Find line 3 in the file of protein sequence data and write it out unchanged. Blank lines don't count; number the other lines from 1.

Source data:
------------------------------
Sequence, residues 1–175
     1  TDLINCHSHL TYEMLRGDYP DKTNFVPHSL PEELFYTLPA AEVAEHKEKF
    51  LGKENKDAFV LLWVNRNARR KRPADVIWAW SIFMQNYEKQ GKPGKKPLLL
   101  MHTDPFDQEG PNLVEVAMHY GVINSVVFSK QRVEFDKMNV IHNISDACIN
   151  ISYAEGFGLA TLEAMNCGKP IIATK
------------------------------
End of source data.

    51  LGKENKDAFV LLWVNRNARR KRPADVIWAW SIFMQNYEKQ GKPGKKPLLL